Academic journal article German Quarterly

Poetiken der Interkulturalitat: Haiti bei Kleist, Seghers, Muller, Buch und Fichte

Academic journal article German Quarterly

Poetiken der Interkulturalitat: Haiti bei Kleist, Seghers, Muller, Buch und Fichte

Article excerpt

Uerlings, Herbert. Poetiken der Interkulturalitat.: Haiti bei Kleist, Seghers, Miiller, Buch and Fichte. Tubingen: Niemeyer, 1997. 363 pp. DM 96.00 paperback.

The history of Haiti, which is characterized by an extraordinarily bloody record of crosscultural encounters, is closely related to that of Europe in complicated ways. This relationship leads Uerlings to identify Haiti as a paradigmatic site for studying the distinctness of the processes and effects of colonization and decolonization through literary representations.

Uerlings presents his analysis as a development from Kleist to Fichte and shows how the notion of poetic alterity and self reflective modes of representation gradually increased in importance over the course of two centuries and became the most significant rhetorical strategies. In the introduction he formulates his two-fold goal, namely, to understand the individual texts in relation to other discourses, and secondly, to pursue the question of aesthetics, focusing in particular on what literary texts have to offer over other types of writings engaging with alterity.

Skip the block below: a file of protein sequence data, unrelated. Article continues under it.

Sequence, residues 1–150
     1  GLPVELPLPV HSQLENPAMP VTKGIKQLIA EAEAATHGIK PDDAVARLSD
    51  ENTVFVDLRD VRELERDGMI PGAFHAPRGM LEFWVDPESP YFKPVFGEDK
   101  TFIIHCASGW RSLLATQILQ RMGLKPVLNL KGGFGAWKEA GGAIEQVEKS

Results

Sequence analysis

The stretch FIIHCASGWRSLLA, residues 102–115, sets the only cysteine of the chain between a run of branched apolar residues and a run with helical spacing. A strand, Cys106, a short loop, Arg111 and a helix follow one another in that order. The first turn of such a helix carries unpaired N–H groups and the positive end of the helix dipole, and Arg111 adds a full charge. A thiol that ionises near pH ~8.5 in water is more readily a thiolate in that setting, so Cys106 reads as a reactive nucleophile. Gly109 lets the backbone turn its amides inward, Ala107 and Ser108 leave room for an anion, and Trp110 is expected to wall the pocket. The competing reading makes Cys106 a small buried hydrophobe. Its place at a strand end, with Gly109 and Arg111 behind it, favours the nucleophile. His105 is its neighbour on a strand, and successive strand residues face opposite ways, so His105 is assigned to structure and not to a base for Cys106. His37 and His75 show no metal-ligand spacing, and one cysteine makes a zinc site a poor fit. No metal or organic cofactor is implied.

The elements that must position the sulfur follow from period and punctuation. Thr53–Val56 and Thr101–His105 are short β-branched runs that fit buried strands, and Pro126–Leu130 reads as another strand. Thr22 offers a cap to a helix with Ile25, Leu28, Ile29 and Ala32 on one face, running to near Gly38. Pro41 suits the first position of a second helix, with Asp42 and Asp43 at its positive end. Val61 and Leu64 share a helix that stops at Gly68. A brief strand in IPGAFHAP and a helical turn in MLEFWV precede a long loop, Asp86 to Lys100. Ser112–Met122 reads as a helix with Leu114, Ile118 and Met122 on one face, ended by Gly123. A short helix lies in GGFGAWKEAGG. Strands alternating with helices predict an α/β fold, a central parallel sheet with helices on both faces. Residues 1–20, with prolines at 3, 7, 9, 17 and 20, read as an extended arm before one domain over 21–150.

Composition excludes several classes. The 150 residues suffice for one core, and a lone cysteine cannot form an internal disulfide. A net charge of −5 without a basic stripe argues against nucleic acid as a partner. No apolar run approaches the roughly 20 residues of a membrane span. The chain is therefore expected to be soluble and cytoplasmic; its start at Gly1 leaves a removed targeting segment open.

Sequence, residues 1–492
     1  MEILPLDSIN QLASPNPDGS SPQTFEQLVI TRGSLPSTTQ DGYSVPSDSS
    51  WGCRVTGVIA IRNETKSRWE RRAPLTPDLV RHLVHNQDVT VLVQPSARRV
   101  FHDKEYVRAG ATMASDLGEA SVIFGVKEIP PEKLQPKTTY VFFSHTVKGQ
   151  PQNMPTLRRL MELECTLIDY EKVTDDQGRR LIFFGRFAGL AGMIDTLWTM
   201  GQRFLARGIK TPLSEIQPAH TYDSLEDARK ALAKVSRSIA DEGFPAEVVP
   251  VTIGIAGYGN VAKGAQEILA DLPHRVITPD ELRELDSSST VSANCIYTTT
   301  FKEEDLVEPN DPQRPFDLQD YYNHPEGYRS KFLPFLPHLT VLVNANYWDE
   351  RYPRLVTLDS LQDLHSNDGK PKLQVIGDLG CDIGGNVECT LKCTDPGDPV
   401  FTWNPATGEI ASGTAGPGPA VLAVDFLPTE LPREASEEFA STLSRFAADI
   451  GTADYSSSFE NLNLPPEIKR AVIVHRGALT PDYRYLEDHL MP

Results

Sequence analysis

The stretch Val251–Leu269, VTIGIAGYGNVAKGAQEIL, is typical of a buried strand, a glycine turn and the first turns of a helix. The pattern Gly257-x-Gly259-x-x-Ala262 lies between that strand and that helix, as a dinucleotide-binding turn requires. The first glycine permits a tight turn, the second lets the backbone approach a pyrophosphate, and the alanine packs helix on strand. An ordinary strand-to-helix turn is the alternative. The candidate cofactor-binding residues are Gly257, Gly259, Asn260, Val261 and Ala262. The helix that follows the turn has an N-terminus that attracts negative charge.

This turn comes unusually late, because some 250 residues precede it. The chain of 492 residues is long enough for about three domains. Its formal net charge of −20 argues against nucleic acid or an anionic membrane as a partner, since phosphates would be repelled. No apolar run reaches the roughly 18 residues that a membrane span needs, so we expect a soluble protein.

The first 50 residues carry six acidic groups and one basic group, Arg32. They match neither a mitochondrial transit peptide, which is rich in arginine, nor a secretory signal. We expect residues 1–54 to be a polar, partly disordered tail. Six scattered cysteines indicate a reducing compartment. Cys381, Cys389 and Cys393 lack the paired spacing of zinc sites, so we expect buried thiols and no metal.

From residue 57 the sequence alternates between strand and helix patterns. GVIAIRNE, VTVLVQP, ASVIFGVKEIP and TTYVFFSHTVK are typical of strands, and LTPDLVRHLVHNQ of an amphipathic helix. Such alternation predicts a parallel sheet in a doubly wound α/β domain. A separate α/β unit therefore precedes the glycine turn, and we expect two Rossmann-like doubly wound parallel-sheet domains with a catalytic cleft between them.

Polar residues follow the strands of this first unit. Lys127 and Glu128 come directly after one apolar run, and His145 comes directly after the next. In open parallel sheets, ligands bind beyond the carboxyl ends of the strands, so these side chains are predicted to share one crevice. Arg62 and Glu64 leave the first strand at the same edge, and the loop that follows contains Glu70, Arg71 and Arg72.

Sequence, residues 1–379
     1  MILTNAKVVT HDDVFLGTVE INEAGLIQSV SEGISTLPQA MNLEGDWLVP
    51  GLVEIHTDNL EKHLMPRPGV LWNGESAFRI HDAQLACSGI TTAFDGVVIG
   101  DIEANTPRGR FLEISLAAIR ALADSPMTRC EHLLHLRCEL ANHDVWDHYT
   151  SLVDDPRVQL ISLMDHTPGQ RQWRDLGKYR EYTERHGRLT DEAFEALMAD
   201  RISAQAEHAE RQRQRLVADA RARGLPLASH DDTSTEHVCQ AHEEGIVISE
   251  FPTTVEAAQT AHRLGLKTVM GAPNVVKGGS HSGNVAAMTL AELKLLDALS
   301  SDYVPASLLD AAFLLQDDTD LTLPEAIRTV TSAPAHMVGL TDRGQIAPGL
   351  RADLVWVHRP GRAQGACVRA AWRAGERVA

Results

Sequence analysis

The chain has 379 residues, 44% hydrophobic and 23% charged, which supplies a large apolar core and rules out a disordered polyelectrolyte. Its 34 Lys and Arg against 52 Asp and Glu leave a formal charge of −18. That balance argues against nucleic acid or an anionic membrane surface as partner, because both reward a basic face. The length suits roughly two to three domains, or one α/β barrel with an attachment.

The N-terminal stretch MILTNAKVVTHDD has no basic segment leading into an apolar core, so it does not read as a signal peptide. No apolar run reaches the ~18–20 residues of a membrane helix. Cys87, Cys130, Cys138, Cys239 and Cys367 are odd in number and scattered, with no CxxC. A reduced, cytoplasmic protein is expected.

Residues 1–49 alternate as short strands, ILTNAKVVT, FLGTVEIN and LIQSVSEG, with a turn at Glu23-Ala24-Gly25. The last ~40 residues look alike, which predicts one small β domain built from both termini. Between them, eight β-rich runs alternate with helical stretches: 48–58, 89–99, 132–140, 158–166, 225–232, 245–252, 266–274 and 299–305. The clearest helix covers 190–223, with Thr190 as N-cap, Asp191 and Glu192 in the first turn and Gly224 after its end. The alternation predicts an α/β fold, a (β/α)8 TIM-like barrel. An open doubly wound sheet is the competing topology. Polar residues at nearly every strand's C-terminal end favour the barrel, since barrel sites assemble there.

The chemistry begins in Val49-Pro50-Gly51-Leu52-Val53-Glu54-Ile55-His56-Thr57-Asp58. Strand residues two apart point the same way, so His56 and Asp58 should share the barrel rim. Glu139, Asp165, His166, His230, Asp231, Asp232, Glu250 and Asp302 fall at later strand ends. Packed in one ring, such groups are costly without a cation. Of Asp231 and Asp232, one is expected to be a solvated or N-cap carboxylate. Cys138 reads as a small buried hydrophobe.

He first discusses texts by Kleist, Seghers, and Buch. Uerlings's close reading of "Die Verlobung in San Domingo" reveals that Kleist perpetuates clichs of gendered otherness, in particular in descriptions of black or mixedrace women, and projects notions of problematic sexuality and identity onto the bodies of Haitians. For Seghers, who wrote several stories staged in the Caribbean, Haiti becomes a vehicle to reflect on the question of political order. But her image of Haiti as the utopian Europe excludes an engagement with Haitian alterity and, like Kleist, she sexualizes the political discourse. Only her trilogy "Drei Frauen" offers something new in that the stories are told from the perspective of Haitian women. Ultimately, however, Seghers develops her political critique through her ideas about Haiti and so engages with cultural alterity in only limited ways. Like Seghers, Muller uses Haiti to express his frustration with GDR politics in Der Auftrag. While he seems at first more nuanced than Seghers in criticizing the glorifying image of revolution through a self reflective approach to the question of representation, he nevertheless resorts to idealizing and dramatizing alterity in his images of Haitian revolutionaries. Uerlings's long chapter on Buch commends the author for deconstructing the exoticist discourse on Haiti. …

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